Life-saving electronic device that delivers electric shocks to the heart muscle


1 What is it?
  • 1 What is it?
  • 2 What is it for?
  • 3 How does it work?
  • 4 Contraindications

    What is a defibrillator?

    A defibrillator is an electronic device that uses electrical discharges to act on the heartbeat

    The electronic defibrillator is an essential medical instrument within the field of electrical defibrillation; this device generates electrical discharges that help restore the normal heartbeat of the patient suffering from arrhythmia.

    This electromedical device, which can be battery-operated or plugged into a power outlet, generates electrical discharges via metal plates. Its use is commonly associated with resuscitation following cardiac arrest.

    What is a defibrillator used for?

    The defibrillator can restore normal heart function

    The purpose of the cardiac defibrillator is to deliver electrical shocks capable of restoring normal heart function in the event of a slowing of the heart muscle. Its life-saving function is essential in sporting activities.

    How does a defibrillator work?

    A defibrillator is an instrument capable of depolarising the walls of the heart and restarting it

    An electric defibrillator is powered by a battery or plugged into an electrical outlet and delivers electrical discharges to a patient through two metal plates, also called electrodes. The two plates must be placed in different places:

    • One under the right shoulder
    • One under the left armpit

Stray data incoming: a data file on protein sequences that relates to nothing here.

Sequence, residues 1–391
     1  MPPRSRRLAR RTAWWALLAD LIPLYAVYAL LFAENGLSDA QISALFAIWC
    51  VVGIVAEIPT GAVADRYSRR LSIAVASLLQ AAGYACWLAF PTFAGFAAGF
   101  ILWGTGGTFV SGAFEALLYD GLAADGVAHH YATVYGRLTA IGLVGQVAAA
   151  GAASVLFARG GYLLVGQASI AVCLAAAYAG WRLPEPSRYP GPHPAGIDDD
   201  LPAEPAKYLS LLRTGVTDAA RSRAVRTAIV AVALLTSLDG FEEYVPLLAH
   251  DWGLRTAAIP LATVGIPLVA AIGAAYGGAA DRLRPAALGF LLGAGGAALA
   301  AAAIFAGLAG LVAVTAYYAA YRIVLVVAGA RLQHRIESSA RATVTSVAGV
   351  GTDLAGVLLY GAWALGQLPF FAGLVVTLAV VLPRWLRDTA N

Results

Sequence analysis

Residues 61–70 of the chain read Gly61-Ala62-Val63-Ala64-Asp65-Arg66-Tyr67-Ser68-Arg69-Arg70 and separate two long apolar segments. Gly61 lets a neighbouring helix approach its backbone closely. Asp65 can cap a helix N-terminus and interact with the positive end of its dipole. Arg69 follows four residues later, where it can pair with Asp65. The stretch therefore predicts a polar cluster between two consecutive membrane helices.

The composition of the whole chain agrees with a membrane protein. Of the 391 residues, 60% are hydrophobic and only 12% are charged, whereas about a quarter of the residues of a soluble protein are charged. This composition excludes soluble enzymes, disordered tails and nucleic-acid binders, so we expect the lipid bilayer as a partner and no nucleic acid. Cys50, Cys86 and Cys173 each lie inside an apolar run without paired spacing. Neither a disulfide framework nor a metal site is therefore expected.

• One in the centre of the chest
    • One on the back
    • One under the right armpit

    Thanks to these discharges, the heart muscles are awakened and the heartbeat regains its stability. In general, there are four types of electric defibrillators:

    • The manual external defibrillator
    • The semi-automatic external defibrillator
    • The automatic external defibrillator
    • The implantable cardiac defibrillator.

    The manual external defibrillator works in conjunction with an electrocardiogram instrument, which can only be used under the guidance of a medical professional. The presence of the electrocardiogram helps to understand what type of electrical discharge to transmit to the patient. Operating it requires specific training, which is why it is only present in hospital settings.

    The semi-automatic external defibrillator makes it possible to analyse an individual’s heartbeat and determine which electrical discharge to transmit. This analysis is done using the same metal plates that are used to transmit the discharge. These instruments are simple to use and require minimal training because they come with voice prompts to support the rescuer and tell them when to press the discharge button.

    The automatic external defibrillator analyses the heartbeat, independently determines the electrical discharge to be transmitted to the patient, and releases it without the need for the rescuer to press any buttons. The user of this type of defibrillator only has to place the metal plates on the individual and let the device do its work. This device is usually found in public spaces.

    The implantable cardiac defibrillator is very small, portable and capable of monitoring an individual’s heartbeat and delivering an electric shock to the heart at the most appropriate time. As a shape, it is very reminiscent of a pacemaker and requires surgery for its subcutaneous insertion. Once installed and on the basis of the patient’s heart condition, the doctor programs it with the use of an external device.

    Contraindications of the defibrillator

    Though an electronic defibrillator saves many lives, it is important to take into account the risks of its use on certain individuals

    One of the most important precautions to take when using a defibrillator is to maintain a proper distance from the patient at the moment when the button for the electrical discharge is pressed, because if someone touches the patient when it is activated, they may receive part of the discharge, developing a more or less severe arrhythmia. In addition, if a patient with an implantable cardioverter-defibrillator gets shocked by a defibrillator, it could cause their cardioverter-defibrillator to malfunction and create unnecessary electric shocks.

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